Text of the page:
Current Concepts Review   |    
Primary Pyomyositis
J. Bickels, MD; L. Ben-Sira, MD; A. Kessler, MD; S. Wientroub, MD
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Investigation performed at the Departments of Pediatric Orthopaedics and Radiology, Dana Children's Hospital, Tel-Aviv Sourasky Medical Center, Sackler Faculty of Medicine, Tel-Aviv University, Tel-Aviv, Israel

J. Bickels, MD
L. Ben-Sira, MD
A. Kessler, MD
S. Wientroub, MD
Departments of Pediatric Orthopaedics (J.B. and S.W.) and Radiology (L.B.-S. and A.K.), Dana Children's Hospital, Tel-Aviv Sourasky Medical Center, 6 Weizman Street, Tel-Aviv 64239, Israel. E-mail address for S. Wientroub: pedorth@tasmc.health.gov.il

The authors did not receive grants or outside funding in support of their research or preparation of this manuscript. They did not receive payments or other benefits or a commitment or agreement to provide such benefits from a commercial entity. No commercial entity paid or directed, or agreed to pay or direct, any benefits to any research fund, foundation, educational institution, or other charitable or nonprofit organization with which the authors are affiliated or associated.

J Bone Joint Surg Am, 2002 Dec 01;84(12):2277-2286
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• Primary pyomyositis is a rare, subacute, primary muscle infection that is probably the result of a transient bacteremia in most patients.
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    Shlomo Wientroub, MD
    Posted on March 31, 2010
    Drs. Wientroub and Bickels respond to Dr. Starr
    Dana Children's Hospital, Tel-Aviv Sourasky Medical Center, Tel-Aviv, Israel

    Thank you for your letter from March 12, 2010. Our experience with percutaneous aspiration and drainage of retroperitoneal abscesses is somewhat different: over the last 5 years we have performed approximately 30 CT- and ultrasound-guided aspirations of psoas abscesses, for none of which we had to operate subsequently. We were privileged to write the Current Concepts Review on primary pyomyositis because of our experience in the management of this disease. However, the manuscript does not reflect our own treatment philosophy or conclusion of our experience but a methodological summary of the published data in the English literature until 2002, the year in which the manuscript was published. Because 8 years have passed since the original publication, it is possible that an updated review of pyomyositis will be concluded differently.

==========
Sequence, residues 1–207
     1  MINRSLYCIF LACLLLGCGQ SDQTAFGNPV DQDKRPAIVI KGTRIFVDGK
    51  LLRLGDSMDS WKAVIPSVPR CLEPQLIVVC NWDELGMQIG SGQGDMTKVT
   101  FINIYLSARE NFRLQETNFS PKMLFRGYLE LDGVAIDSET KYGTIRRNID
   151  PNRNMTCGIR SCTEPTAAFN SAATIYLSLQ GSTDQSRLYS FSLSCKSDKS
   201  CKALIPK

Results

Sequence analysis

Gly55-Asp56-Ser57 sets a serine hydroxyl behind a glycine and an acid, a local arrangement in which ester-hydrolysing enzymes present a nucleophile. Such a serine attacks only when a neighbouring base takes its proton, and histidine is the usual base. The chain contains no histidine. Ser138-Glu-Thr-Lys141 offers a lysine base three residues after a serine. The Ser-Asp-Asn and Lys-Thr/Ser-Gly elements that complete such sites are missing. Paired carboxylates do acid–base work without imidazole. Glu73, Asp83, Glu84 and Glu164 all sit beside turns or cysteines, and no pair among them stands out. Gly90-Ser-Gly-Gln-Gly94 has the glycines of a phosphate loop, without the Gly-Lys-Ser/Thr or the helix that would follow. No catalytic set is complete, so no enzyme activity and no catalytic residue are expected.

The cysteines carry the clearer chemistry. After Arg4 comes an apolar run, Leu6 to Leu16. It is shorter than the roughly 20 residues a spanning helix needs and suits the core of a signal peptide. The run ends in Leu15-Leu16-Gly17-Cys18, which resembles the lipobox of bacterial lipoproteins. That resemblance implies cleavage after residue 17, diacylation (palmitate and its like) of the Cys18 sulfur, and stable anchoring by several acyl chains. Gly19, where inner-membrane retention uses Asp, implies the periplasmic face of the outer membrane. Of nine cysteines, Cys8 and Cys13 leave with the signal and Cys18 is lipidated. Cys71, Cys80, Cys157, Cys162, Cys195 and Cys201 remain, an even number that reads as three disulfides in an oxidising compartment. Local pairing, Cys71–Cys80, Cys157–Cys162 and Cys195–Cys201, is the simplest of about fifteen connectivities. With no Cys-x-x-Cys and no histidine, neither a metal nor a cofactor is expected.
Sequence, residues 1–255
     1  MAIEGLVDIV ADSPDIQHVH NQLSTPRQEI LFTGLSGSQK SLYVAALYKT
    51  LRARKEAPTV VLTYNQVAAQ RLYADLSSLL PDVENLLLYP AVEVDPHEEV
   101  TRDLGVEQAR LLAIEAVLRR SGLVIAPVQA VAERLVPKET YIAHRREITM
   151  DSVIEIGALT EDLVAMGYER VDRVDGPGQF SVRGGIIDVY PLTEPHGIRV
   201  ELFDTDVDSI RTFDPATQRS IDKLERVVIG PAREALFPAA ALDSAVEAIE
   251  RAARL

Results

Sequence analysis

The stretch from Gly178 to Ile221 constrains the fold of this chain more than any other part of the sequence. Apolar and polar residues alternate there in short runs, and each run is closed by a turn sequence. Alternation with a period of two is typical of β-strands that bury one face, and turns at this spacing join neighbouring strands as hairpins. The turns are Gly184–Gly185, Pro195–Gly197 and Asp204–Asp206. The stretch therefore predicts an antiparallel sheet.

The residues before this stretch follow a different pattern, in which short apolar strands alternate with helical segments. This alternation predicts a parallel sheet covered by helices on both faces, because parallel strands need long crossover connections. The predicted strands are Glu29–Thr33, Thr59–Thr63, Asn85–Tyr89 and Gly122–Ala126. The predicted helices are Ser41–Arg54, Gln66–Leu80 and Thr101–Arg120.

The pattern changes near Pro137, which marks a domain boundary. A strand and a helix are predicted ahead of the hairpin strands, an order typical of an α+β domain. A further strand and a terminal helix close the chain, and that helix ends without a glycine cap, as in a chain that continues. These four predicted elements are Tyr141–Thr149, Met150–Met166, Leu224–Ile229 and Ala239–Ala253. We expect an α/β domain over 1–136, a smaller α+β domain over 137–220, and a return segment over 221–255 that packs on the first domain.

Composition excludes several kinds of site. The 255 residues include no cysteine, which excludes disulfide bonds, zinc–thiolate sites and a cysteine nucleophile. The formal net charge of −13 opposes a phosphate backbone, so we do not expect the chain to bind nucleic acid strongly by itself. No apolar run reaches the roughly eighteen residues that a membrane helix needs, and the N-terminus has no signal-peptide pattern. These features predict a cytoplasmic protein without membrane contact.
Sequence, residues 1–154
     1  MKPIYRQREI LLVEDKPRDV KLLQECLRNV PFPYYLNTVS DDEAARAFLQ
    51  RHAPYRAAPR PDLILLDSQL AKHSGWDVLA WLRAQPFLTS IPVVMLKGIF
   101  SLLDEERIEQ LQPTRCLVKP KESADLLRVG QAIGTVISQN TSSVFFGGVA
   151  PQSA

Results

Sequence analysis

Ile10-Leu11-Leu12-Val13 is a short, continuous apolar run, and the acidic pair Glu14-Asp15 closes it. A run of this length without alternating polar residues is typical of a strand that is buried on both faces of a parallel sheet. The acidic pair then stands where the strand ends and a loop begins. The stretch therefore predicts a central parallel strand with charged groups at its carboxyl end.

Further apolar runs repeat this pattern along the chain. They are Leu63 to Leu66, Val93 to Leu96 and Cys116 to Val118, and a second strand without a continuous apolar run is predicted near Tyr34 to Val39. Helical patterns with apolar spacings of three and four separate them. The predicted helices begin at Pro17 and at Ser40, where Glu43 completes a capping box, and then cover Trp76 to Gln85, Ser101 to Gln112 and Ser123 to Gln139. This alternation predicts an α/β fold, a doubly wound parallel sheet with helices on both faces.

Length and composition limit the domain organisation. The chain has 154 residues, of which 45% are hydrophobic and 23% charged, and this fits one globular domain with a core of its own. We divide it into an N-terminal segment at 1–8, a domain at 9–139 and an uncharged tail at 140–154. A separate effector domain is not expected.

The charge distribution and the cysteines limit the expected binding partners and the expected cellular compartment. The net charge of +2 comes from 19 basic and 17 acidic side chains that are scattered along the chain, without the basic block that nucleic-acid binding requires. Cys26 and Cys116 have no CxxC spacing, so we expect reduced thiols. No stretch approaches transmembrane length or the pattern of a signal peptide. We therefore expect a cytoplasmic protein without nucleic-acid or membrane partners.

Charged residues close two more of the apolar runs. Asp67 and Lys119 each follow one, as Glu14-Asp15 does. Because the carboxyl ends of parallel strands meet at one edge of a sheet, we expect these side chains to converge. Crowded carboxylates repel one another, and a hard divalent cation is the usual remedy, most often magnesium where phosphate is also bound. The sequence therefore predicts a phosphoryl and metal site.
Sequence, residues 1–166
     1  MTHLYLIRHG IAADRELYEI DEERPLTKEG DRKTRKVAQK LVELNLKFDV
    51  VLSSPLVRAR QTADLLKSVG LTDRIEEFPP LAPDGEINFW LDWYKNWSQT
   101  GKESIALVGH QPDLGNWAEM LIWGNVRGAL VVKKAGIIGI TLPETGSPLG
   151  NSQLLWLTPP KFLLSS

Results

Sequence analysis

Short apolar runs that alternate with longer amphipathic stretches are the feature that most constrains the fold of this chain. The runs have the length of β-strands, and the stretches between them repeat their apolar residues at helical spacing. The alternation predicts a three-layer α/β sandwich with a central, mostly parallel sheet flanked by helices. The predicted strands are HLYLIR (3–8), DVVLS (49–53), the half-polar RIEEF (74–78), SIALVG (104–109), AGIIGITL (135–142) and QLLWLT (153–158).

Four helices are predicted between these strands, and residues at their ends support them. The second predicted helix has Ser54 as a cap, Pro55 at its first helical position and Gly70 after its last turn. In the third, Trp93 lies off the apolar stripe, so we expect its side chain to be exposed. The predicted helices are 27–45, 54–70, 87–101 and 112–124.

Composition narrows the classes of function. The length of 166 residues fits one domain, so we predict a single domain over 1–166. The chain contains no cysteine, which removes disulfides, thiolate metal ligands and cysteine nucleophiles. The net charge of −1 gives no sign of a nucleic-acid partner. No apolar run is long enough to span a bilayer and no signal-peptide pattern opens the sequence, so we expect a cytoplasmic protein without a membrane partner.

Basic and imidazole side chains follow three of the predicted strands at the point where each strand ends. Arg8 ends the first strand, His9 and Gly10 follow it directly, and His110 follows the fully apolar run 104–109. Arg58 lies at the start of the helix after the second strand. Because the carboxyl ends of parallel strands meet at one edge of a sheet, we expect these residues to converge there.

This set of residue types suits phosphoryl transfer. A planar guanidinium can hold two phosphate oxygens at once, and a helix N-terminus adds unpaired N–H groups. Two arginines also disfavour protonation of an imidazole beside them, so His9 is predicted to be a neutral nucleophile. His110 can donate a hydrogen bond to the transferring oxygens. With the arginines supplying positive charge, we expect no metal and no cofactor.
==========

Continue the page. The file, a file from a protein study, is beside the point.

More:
Adam J. Starr, MD
    Posted on March 12, 2010
    Percutaneous Drainage Often Fails
    UT Southwestern Medical Center, Dallas, Texas

    To the Editor:

    Bickels et al. (1) wrote, "Drainage can now be accomplished percutaneously under ultrasonographic or computerized tomographic guidance, and operative intervention is used only when complete drainage cannot be achieved percutaneously or when such treatment is not available". My experience has been that percutaneous drainage often does not work, but belief in its effectiveness persists among my general surgery and radiology colleagues. Spurred on by a recent case of psoas abscess - a case in which the use of percutaneous drainage failed - I have been searching the literature, and the reports of the effectiveness of percutaneous drainage are mixed, at best. For example, Tabrizian et al., in a recent article (2), reported that percutaneous drainage was successful in only 40% of cases. Direct open surgical drainage was successful in every case in which it was employed.

    I wonder if the authors have encountered any failures of percutaneous drainage since their article was published?

    The author did not receive any outside funding or grants in support of his research for or preparation of this work. Neither he nor a member of his immediate family received payments or other benefits or a commitment or agreement to provide such benefits from a commercial entity.


    1. Bickels J, Ben-Sira L, Kessler A, Wientroub S. Primary pyomyositis. J Bone Joint Surg Am. 2002;84:2277-86.

    2. Tabrizian P, Nguyen SQ, Greenstein A, Rajhbeharrysingh U, Divino CM. Management and treatment of iliopsoas abscess. Arch Surg. 2009;144:946-9.

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